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Union Wage Effects in Australia: Are There Variations in Distribution?

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  • Lixin Cai

    ()
    (Melbourne Institute of Applied Economic and Social Research, The University of Melbourne)

  • Amy Y.C. Liu

    (Crawford School of Economics and Government, Australian National University)

Abstract

Previous research on union wage effects in Australia has focused on the central parts of the conditional wage distribution. This study uses quantile regression models to examine whether the union wage effect varies across the (conditional) wage distribution. The data draw upon the first four waves of the Household, Income and Labour Dynamics in Australia (HILDA) survey. Union wage premiums are found across almost the entire wage distribution for both males and females. While for males it is evident that the union wage effect decreases when moving up the wage distribution, the effect for females is relatively stable except at the extremities of the distribution. Overall, unions are found to have a larger effect on male than on female wages. The decomposition results show that for males, the union wage effect explains a substantial proportion of the observed wage gap between union and non-union workers; this is not the case for females.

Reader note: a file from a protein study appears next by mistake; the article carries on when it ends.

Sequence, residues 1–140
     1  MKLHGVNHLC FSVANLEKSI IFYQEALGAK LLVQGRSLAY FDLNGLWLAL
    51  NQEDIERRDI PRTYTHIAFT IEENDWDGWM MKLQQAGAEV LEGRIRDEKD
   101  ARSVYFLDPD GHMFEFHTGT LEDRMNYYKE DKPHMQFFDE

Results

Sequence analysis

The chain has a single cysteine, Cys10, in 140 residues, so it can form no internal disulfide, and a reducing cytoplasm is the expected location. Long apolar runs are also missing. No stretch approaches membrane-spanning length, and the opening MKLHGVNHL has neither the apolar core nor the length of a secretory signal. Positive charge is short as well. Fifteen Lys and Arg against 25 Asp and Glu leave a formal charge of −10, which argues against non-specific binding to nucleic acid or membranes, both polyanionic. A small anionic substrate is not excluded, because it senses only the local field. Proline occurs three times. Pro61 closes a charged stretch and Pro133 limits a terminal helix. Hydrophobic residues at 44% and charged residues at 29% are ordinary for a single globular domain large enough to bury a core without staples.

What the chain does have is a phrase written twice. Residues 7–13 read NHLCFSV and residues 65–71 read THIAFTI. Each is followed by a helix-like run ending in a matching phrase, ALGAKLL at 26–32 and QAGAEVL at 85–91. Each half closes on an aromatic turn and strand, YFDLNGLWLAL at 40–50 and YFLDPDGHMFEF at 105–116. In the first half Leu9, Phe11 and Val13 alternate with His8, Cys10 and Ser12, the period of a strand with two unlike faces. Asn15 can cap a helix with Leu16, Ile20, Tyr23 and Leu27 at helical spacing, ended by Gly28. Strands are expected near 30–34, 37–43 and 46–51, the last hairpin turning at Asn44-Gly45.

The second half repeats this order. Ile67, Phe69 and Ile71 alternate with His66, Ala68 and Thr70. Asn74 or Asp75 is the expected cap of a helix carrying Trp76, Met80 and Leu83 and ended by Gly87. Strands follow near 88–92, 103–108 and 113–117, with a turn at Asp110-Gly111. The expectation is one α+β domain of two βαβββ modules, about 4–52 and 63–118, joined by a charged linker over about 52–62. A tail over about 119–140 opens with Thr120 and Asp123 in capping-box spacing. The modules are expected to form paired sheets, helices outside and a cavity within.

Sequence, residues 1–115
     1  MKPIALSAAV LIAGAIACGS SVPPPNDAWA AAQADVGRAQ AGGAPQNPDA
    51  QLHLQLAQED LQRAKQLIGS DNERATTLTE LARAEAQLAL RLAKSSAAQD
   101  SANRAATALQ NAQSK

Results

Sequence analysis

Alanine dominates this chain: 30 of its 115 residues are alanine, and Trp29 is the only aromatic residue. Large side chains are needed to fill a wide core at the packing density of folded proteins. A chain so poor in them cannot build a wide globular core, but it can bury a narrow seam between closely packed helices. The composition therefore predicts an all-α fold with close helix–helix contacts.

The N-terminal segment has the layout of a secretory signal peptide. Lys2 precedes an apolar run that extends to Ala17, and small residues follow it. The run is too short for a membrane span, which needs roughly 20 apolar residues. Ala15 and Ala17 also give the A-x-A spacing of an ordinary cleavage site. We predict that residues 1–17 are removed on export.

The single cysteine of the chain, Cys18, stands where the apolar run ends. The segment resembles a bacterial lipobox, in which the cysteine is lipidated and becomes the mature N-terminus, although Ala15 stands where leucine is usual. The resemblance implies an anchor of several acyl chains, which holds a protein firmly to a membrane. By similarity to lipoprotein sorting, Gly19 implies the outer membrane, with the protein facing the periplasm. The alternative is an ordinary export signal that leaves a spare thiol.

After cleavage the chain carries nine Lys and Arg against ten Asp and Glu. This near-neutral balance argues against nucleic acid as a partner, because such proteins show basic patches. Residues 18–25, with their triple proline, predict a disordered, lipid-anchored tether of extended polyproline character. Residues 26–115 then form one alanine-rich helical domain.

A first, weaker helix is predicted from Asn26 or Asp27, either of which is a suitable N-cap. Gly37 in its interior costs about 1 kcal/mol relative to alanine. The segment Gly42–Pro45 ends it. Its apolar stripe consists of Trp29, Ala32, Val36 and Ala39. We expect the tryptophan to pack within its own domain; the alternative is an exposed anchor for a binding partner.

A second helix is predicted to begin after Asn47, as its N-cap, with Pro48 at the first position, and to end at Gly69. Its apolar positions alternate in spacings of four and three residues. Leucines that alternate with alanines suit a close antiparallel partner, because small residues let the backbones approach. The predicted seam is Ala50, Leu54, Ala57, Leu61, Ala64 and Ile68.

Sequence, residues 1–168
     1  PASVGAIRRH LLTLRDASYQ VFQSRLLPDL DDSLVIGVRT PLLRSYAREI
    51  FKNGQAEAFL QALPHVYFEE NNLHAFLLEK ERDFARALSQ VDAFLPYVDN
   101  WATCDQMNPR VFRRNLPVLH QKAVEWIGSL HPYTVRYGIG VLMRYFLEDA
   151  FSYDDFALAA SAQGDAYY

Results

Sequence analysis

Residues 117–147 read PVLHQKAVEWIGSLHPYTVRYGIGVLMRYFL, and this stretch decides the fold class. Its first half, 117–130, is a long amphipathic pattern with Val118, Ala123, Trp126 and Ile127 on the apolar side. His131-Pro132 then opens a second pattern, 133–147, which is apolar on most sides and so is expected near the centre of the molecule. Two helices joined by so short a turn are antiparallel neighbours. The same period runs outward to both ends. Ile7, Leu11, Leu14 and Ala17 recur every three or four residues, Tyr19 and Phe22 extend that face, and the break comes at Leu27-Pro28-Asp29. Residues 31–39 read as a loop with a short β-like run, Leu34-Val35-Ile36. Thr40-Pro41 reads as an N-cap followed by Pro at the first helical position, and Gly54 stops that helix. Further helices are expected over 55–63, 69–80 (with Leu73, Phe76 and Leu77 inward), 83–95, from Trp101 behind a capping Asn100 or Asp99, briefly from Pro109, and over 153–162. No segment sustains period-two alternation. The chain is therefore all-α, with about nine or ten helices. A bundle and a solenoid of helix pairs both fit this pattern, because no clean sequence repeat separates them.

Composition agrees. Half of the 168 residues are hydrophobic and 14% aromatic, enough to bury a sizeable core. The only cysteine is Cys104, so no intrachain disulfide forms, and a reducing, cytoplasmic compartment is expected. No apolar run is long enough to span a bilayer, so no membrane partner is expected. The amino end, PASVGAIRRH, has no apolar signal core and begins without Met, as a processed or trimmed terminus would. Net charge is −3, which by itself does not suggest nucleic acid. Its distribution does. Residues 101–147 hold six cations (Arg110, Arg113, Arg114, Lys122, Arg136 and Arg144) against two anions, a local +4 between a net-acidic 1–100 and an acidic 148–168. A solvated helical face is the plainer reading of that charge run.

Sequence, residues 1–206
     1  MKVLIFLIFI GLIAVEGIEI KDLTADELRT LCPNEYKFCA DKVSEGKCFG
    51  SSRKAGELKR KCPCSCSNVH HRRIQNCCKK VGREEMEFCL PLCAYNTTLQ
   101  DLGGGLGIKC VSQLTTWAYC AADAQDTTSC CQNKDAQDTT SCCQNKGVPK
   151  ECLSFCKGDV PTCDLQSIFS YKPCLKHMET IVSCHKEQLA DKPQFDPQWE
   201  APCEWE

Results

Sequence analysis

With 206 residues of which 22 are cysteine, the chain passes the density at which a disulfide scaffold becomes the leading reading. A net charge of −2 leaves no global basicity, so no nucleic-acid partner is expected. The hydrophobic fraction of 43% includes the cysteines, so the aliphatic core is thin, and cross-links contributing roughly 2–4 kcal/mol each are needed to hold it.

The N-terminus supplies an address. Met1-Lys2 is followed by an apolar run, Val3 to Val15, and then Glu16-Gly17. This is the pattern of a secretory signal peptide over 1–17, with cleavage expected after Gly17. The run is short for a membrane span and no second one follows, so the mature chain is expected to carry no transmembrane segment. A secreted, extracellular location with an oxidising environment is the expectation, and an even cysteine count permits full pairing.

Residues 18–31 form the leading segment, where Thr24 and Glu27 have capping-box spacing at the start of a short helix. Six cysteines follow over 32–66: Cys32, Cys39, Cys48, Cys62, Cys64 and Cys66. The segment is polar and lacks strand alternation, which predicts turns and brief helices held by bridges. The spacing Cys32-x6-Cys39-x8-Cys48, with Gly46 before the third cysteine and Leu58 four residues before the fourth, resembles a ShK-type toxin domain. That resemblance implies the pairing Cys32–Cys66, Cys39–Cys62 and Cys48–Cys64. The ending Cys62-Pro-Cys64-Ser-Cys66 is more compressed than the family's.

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Bibliographic Info

Paper provided by Melbourne Institute of Applied Economic and Social Research, The University of Melbourne in its series Melbourne Institute Working Paper Series with number wp2007n017.

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Length: 40 pages
Date of creation: Jun 2007
Date of revision:
Handle: RePEc:iae:iaewps:wp2007n017

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  14. David G. Blanchflower & Richard B. Freeman, 1990. "Going Different Ways: Unionism in the U.S. and Other Advanced O.E.C.D. Countries," NBER Working Papers 3342, National Bureau of Economic Research, Inc.
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